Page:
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Wicklow: Four wheels and two nights

You don't always have to venture far from home to get into the wilderness

Wicklow: Four wheels and two nights
Image: Getty

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Wicklow is the wildest place I know in Ireland. I’ve lived here for over 10 years, in Greystones, the last stop on the DART commuter train from Dublin. When I want to get off the grid, it doesn’t take long. I can hop on the cliff walk to Bray, or tramp through valleys gouged out by the last Ice Age. I can head out in blazing sunshine and end up pelted with hailstones on the Sugarloaf — a short, sweet quartzite stump with stunning views of Dublin Bay. Or I can just get in the car and drive. 

You don’t need the Wild Atlantic Way to see Ireland at its most elemental. In County Wicklow, nature and space echo in place names like Poulaphouca (‘hole of the ghost’), Devil’s Glen (site of a cool woodland sculpture trail) and Avoca, where the BBC’s Ballykissangel was filmed. Skip the city, but stay close. Four wheels and two nights will give you a reboot right on Dublin’s doorstep.

Start by heading south on the M50, the capital’s orbital motorway, before taking Exit 12 onto the R115. It doesn’t take long for the roads to narrow, as they twist and turn and rise gradually before delivering you to the Sally Gap, a mountain pass close to the source of the River Liffey. Here, the temperature drops and phone signals waver. Boggy browns are dotted with deep, springy clumps of purple heather, the home colours of the Wicklow Mountains. 

Drive on until you come to Glenmacnass Waterfall. Pull in to marvel at its form, its silver locks gushing down the granite rocks, before continuing south towards Glendalough, the Early Christian site at the heart of Wicklow Mountains National Park (in Irish, the name means ‘glen of two lakes’). It gets busy at peak times here, but off-season or midweek, you can mosey around the monastic husks in relative peace, or take one of several waymarked trails. Its founder arrived in the sixth century and slept in a cave. ‘St Kevin’s bed’ can still be seen today.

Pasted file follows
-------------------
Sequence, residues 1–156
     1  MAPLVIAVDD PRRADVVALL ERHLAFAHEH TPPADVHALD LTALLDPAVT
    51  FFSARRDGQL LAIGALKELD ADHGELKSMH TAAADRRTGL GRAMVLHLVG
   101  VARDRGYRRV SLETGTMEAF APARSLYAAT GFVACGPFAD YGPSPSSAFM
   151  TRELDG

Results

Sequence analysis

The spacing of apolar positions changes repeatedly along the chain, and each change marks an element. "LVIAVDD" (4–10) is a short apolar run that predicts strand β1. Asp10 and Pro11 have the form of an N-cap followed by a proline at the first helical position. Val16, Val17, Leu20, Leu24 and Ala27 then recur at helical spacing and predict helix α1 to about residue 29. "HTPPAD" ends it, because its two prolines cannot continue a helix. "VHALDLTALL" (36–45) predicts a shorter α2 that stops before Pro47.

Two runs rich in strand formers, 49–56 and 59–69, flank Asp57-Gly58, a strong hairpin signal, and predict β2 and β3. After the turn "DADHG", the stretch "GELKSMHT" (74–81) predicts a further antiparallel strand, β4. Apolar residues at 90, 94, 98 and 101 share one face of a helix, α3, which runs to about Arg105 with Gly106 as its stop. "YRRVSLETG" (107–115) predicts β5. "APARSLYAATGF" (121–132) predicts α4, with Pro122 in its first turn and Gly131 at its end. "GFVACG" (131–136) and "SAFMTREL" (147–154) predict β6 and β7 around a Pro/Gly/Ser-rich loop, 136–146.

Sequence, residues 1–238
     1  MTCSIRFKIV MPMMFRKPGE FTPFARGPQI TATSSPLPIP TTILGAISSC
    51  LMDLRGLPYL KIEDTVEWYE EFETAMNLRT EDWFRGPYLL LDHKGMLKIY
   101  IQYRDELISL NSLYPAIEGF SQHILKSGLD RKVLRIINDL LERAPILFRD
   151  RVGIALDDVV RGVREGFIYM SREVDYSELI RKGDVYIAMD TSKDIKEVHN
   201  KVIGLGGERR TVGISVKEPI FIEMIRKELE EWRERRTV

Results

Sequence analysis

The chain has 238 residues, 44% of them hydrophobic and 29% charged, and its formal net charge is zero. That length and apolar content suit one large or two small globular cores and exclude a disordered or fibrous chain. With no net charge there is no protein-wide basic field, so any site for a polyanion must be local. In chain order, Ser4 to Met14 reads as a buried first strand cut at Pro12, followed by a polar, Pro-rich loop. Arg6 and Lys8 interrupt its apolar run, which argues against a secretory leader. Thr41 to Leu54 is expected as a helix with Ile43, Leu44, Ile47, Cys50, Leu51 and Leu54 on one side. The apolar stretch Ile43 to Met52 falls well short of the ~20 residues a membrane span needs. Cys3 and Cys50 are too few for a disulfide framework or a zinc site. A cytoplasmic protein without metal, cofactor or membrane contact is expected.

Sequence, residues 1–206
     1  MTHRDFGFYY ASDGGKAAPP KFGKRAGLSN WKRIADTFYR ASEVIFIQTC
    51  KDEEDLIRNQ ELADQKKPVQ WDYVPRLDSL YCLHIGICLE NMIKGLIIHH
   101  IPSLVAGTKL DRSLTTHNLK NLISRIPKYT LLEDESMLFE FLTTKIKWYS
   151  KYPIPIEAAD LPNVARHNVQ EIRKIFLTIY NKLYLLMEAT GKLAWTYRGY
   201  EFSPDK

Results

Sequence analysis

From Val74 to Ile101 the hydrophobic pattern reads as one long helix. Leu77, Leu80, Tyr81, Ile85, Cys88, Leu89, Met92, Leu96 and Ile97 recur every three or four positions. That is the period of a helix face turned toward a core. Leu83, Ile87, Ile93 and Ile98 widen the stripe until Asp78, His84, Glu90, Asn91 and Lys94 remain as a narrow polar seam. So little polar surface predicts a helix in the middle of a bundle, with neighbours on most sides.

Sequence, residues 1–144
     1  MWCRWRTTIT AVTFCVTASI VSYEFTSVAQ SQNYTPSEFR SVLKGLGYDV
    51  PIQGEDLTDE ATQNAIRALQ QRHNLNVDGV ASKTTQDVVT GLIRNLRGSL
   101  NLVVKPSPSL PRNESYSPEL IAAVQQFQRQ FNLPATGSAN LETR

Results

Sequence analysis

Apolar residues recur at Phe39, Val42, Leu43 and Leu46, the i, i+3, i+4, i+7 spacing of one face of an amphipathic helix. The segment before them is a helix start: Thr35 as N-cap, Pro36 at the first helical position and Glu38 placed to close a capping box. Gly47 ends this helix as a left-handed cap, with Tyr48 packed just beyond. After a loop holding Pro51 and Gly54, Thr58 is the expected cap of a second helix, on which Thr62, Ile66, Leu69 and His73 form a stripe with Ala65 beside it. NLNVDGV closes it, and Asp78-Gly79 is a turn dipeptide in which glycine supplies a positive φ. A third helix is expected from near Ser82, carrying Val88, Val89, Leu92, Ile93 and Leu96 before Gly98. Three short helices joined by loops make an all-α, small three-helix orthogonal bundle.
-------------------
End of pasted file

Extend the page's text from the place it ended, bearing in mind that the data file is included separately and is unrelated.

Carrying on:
If you detour on the R759 until you glimpse dramatic views of Lough Tay — at the foot of a valley — look for the contrast between its peaty black depths and shoreline of white sand. It’s a dead ringer for a pint of Guinness. 

There are peachy places to stay squirrelled away in the terrain. I’m thinking of retreats like BrookLodge & Macreddin Village, home to the first certified organic restaurant in Ireland, or Wicklow Head Lighthouse, an 18th-century tower restored by the Irish Landmark Trust (imagine staying during a storm). There are five-star resorts like Druids Glen and Powerscourt Hotel Resort & Spa, or storied boltholes such as Hunter’s Hotel, in Rathnew, a former coaching inn with a ravishing little garden, old-school Sunday lunch and centuries-old memories etched into the windows. Literally.

In places like these, it feels like the wilderness has been tamed. Wicklow is also home to a smattering of mansions and gardens that contrast sweetly with its ruggedness — places like the Elizabethan-Revival Killruddery House; Mount Usher Gardens, along the River Vartry; or the Richard Cassels-designed Powerscourt House, with its posh shops, cafe and Italianate gardens.

We moved here because we couldn’t afford to buy in Dublin. Now I wouldn’t move back. We’ve one foot in the city, one in the country — the same reason it works for a weekend break. When you settle down for the evening, sup a Wicklow Wolf craft beer, or a Glendalough gin, with its local, seasonally foraged botanicals. Savour it. City life feels far away.  

Read more of the Wild weekends cover story here.

Published in the March 2018 issue of National Geographic Traveller (UK)